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NH Jewish Community Deeply Rooted in Portsmouth

Opening the temple doors  

Temple Israel at 224 State Street remains the only conservative Jewish congregation for miles around. According to the temple Web site you have to go 50 miles to Portland, 46 miles to Peabody, 44 miles to Manchester or 3,400 miles to Ireland to find another. Barney Share, outgoing president and “unofficial historian” of the temple explains that the “conservative” Jewish service fills the middle ground between the more orthodox observance of Jewish law and the more liberal or “reform” approach to worship.  

The lack of public knowledge about Portsmouth’s proud Jewish history, Share says, was, in part, a function of the temple itself.  Considering their history, Jewish communities in the 20th century were often self protective, even defensive.  

Portsmouth from a Jewish perspective was a tolerant community, but there were always undertones,” Share says.  

“People weren’t encouraged to come in. The congregation was not encouraged to reach out. It was more of a cloistered thing in the past,” says Share, who has lived in Portsmouth for half a century. He has hopes of writing the Jewish history of Portsmouth where George Sherman left off. Unfortunately, he notes, much of the temple history before World War II is written in Yiddish.  

Today the temple doors are opening, Share says. More public concerts, speeches, and events are being held since the recent successful capital campaign that brought major changes to the community center. The renovations include an improved library for the study of Jewish history, added classrooms for the Hebrew school, expanded office and reception areas, and a redesigned social hall. Interfaith marriages, once banned, are now common in the Jewish community. As many as 400 individuals are now members.  

Time is measured at a synagogue, not as much in years, as by the teachings of the rabbis who have influenced the evolving community. Rabbi Barry Krieger, who has been on the job just two years, has been a long-time fan of Portsmouth’s heritage and cultural diversity.  

Krieger’s progressive side is evidenced from a recent Portsmouth Herald article about the 20 solar panels the rabbi has installed at the home in Greenland that he shares with his wife Dr. Alice Passer, a cardiologist. Krieger also made the news and surprised some traditionalists in the Jewish congregation when he sponsored the synagogue’s first-ever public menorah lighting during Hanukkah in 2009.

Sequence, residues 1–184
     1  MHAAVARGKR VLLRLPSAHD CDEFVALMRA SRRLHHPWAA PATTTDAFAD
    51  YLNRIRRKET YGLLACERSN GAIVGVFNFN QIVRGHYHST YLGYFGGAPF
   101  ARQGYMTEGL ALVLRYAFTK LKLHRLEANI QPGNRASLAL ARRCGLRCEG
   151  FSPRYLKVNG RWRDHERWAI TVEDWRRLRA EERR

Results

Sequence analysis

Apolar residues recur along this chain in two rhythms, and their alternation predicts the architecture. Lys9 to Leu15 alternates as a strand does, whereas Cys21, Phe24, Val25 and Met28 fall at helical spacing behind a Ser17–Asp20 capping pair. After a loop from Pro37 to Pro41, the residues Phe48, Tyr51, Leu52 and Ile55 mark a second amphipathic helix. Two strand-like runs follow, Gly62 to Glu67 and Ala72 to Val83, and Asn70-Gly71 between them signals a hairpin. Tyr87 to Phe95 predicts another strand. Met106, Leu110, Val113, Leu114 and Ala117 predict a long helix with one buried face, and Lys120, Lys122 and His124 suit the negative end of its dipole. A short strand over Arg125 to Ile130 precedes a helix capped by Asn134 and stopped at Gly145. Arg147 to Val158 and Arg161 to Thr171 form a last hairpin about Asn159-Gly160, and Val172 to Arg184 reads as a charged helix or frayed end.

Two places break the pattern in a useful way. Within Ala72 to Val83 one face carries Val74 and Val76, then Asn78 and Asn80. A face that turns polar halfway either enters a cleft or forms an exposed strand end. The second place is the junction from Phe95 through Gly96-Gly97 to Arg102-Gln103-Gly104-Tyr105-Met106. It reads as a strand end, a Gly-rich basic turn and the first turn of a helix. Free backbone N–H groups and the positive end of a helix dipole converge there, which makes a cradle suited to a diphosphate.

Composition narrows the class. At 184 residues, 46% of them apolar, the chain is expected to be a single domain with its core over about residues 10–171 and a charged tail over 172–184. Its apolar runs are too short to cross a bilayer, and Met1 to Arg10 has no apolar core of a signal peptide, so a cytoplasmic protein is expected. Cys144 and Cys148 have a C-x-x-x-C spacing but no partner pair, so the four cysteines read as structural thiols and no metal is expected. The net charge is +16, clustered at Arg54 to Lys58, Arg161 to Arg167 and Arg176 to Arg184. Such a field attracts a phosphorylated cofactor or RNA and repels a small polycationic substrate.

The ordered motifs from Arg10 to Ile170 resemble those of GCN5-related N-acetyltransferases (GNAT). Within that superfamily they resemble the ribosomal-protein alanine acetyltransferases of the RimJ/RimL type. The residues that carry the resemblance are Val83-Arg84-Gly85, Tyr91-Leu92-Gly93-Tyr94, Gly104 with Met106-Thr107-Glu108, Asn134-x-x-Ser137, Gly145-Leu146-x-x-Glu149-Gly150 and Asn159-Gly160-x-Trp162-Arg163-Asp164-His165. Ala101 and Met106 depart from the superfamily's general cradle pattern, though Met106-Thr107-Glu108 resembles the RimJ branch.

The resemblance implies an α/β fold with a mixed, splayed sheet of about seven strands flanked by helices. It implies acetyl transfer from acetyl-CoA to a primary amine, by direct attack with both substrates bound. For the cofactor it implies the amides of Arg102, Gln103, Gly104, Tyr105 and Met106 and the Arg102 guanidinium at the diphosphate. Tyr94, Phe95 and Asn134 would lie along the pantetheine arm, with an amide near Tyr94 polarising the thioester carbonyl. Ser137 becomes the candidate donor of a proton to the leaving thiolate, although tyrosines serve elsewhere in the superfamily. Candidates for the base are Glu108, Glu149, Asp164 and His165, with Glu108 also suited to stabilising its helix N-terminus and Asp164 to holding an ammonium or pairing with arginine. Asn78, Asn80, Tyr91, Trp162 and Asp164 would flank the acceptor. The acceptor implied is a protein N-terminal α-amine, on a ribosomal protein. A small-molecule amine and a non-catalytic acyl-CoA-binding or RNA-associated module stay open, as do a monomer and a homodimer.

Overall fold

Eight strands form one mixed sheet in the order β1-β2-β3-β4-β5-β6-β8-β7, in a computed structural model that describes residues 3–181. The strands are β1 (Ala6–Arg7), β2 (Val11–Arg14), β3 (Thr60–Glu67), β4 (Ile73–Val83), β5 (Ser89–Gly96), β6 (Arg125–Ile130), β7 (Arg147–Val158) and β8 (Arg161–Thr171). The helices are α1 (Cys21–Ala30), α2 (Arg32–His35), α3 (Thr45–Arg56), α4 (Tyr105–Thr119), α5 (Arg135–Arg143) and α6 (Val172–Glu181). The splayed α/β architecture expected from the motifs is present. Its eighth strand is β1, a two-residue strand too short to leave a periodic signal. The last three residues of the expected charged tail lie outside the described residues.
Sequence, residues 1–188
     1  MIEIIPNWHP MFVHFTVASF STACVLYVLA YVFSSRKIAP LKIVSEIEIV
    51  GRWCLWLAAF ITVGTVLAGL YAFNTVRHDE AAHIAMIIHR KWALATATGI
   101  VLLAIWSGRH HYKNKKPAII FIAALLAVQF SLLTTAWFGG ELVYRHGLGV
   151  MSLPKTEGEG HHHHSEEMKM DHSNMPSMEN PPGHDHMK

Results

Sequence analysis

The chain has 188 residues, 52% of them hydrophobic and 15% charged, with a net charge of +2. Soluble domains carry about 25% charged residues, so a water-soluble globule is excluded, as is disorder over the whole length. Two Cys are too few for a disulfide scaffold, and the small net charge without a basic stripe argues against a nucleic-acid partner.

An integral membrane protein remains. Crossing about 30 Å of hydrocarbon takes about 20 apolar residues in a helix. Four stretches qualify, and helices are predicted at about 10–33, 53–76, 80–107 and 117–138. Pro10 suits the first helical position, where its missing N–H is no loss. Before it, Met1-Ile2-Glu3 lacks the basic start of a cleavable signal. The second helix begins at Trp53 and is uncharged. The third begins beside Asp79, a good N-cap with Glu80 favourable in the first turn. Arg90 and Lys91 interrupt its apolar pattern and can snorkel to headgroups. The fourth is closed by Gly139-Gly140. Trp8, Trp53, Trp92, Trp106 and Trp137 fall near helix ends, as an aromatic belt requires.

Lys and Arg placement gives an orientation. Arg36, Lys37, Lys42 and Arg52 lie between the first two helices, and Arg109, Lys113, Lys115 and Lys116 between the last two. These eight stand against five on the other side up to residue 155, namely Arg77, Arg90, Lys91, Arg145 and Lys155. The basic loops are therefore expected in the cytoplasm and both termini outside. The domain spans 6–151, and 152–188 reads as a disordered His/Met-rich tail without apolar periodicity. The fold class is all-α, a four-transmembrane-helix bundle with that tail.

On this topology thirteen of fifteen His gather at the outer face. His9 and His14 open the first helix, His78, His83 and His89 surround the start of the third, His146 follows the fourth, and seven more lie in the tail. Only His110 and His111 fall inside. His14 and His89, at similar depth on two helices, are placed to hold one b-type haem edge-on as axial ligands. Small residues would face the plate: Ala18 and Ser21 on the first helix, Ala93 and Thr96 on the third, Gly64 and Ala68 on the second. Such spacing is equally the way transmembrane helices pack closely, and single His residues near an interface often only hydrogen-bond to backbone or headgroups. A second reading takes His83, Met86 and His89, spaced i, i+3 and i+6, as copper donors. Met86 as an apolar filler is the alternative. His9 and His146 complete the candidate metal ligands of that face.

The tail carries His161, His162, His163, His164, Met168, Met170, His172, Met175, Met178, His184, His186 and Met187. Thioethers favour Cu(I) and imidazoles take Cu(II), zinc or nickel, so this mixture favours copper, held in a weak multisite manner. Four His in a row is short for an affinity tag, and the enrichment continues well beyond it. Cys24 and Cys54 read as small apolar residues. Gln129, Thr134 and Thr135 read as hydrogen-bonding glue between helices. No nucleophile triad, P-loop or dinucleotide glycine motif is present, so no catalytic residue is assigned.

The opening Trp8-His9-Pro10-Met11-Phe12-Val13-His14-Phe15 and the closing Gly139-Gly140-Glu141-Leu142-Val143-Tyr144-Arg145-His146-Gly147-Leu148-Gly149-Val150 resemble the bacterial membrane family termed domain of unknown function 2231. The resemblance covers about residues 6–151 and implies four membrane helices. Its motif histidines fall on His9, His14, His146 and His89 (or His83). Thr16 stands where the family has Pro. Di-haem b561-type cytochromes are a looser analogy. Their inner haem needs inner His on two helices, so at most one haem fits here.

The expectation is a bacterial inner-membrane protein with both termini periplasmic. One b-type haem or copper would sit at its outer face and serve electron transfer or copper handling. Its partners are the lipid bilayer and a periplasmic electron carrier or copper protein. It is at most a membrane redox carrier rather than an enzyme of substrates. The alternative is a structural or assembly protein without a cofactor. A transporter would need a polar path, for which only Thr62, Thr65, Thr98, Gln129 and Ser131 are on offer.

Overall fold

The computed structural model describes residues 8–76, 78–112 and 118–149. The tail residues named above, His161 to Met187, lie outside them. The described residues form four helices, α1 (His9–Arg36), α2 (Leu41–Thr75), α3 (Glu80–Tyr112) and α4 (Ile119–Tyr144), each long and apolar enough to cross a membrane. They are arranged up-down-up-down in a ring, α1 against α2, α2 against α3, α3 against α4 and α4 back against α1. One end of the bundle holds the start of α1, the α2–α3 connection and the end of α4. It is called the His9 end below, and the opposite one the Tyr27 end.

“We’re celebrating that we are here in this beautiful spot,” Krieger says of Portsmouth and Temple Israel. “We want people to know that we’re here and that we’re a vibrant part of the community.”  

Sumner Winebaum, a former Puddledocker, businessman, and now sculptor grew up among the more orthodox rituals of Temple Israel. There is discussion, he says, about the possibility of crafting an outdoor menorah in Portsmouth, a permanent sculpture that will allow those outside the temple to share in the ritual Hanukah lighting ceremony for years to come.   

“When I was a kid it never-in-a-million-years would have entered my mind that we would share that moment with anybody. Now, I think it’s a richer experience when you can meld the old tradition with the new the way Rabbi Krieger is doing.”  

There’s more coming. This Independence Day weekend Temple Israel plans to unveil a new plaque. Portsmouth, it will announce to one and all, is home to New Hampshire’s oldest surviving synagogue.    

 

Copyright © 2011 by J. Dennis Robinson, all rights reserved. Robinson writes and lectures on NH history. His books are available at local bookstores and on Amazon.com. Robinson is also editor and owner of the popular history Web site SeacoastNH.com where this column appears exclusively online. 

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News about Portsmouth from Fosters.com

Saturday, November 18, 2017 
 
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